If Delaware’s political complexion still resembled the Republican salad years of his youth in the 1970s and 80s, State Senator Greg Lavelle might very well be winding down his second term as governor.
Instead, with Democrats controlling the state, the Brandywine Hundred legislator is busy working to change his title from Senate minority whip to majority caucus leader in Dover.
Democrats carry just a 12-9 edge in that chamber, meaning Republicans need only flip two seats in order to lead the body for the first time since 1972. Optimism for Lavelle and the GOP abounds, thanks to two connected factors heading into the November election.
First, several longtime Democrat incumbents are defending their seats in a cycle that is screaming “change!” Nationally, the Trump and Sanders campaigns have evidenced the country’s pronounced dissatisfaction with the status quo. Here in Delaware, three incumbent Democrat office holders were already sent packing in September’s primary election.
And these were no minor league pols: voters just rejected – overwhelmingly – Wilmington’s sitting mayor, the New Castle County executive and the state Insurance Commissioner. Two of those primary winners hold no public office.
As for the Senate Democrats seeking reelection, by “longtime” I mean that four members facing robust challenges have been in office a combined total of 128 years. One hundred and twenty-eight years. In fact, more than half of the Democrat caucus has been in office for an average of 32 years.
Numbers like those put politicians on the wrong side of voters looking to shake things up and vulnerable to outsiders offering fresh faces and fresh thinking.
Unfortunately for these Senate mandarins, the GOP is fielding a bumper crop of candidates who fit just that bill (factor #2). These four newcomers – James Spadola (v. Harris McDowell, 42 years in office), Meredith Chapman (David Sokola, 26 years), Carl Pace (Bruce Ennis, 34 years) and Anthony Delcollo (Patricia Blevins, 26 years) – are also running at a time when Delaware’s economy remains sluggish, and families are concerned and frustrated about public safety and the state of our schools.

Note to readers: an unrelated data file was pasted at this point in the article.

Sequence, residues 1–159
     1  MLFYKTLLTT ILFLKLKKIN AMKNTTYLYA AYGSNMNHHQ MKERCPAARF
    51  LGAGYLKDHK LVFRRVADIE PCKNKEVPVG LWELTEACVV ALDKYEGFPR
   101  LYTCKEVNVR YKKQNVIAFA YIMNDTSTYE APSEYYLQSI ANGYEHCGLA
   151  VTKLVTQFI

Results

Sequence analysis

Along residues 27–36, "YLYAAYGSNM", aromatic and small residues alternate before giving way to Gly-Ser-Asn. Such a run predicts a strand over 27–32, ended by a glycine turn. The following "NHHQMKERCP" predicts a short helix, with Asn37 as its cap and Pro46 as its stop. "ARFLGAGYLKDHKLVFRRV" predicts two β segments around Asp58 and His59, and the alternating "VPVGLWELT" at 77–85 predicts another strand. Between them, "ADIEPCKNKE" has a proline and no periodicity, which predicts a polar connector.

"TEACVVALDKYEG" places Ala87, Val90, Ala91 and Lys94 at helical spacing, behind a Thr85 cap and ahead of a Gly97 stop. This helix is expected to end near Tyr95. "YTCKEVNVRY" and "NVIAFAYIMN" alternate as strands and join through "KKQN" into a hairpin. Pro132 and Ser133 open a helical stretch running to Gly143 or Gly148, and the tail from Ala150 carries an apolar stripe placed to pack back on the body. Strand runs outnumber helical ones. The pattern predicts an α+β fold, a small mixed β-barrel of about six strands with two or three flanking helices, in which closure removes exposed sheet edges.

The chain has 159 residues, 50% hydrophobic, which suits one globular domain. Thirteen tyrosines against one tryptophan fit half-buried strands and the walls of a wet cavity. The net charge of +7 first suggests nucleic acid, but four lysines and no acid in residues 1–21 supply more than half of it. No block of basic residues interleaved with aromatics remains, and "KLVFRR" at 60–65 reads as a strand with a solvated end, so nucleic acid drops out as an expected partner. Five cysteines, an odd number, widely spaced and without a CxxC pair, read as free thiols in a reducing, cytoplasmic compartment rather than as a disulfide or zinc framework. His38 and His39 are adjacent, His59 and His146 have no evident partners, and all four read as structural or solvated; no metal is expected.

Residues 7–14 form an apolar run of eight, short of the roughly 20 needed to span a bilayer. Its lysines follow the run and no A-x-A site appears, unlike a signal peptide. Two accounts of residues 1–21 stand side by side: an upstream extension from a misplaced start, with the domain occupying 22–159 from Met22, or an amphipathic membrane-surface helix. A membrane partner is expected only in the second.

In Spadola, Chapman, Pace and Delcollo, voters are presented with energetic, independent-minded young professionals with a generational bias towards solutions versus ideological purity.
The multitalented Spadola is an Army veteran of the Iraq war, an MBA who serves as a Newark police officer and has a regular guitar playing gig at Kelly’s Logan House. His opponent has been in office since before he was born and the courage he showed as a soldier extends to letting even GOP audiences know that he’s no fan of Donald Trump.
Chapman is a communications executive with the University of Delaware, a social media maestro who did a stint on the staff of Congressman Mike Castle. She’s made public education a centerpiece of her campaign, and that will play well in her heavily UD-oriented district. It will also require her opponent to defend his record as the longstanding chair of the Senate Education Committee. When parents and partisans from all sides agree our school system is seriously underperforming, many voters will surely be asking what, exactly, has Senator Sokola been doing all these years in that position?
After being born in one of the roughest sections of Wilmington and growing up in a trailer park outside of Newark, Carl Pace is understandably proud of his success as an entrepreneur and the owner of multiple businesses. The Clayton resident is new to politics but not public service: he’s a volunteer with the Christiana Fire Company and received the prestigious Jefferson Award for community service.
A Salesianum grad and Eagle Scout who grew up in Marshallton Heights, Delcollo is a lawyer and policy maven who can go deep on the state budget or foreign affairs. He’s taking on the Senate’s most powerful member in Blevins, the President Pro-tempore, a task requiring nothing less than 24-7 effort. Like his three fellow GOP challengers, he’s been hitting doors and meeting constituents nonstop since the spring.
This quartet has given Republicans a real shot at taking the Senate, thereby significantly altering the legislative landscape when a new governor takes office in January.
The success of their efforts may rest on whether voters decide to reward the good intentions of politicians who have been in office for decades or choose to scrutinize their records and hold them accountable for results.